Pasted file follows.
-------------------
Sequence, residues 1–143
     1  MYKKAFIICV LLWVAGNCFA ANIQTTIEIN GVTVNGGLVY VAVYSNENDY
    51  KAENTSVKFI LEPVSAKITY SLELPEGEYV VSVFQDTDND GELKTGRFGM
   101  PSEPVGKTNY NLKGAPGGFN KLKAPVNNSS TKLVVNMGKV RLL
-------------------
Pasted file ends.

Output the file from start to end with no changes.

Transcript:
Sequence, residues 1–143
     1  MYKKAFIICV LLWVAGNCFA ANIQTTIEIN GVTVNGGLVY VAVYSNENDY
    51  KAENTSVKFI LEPVSAKITY SLELPEGEYV VSVFQDTDND GELKTGRFGM
   101  PSEPVGKTNY NLKGAPGGFN KLKAPVNNSS TKLVVNMGKV RLL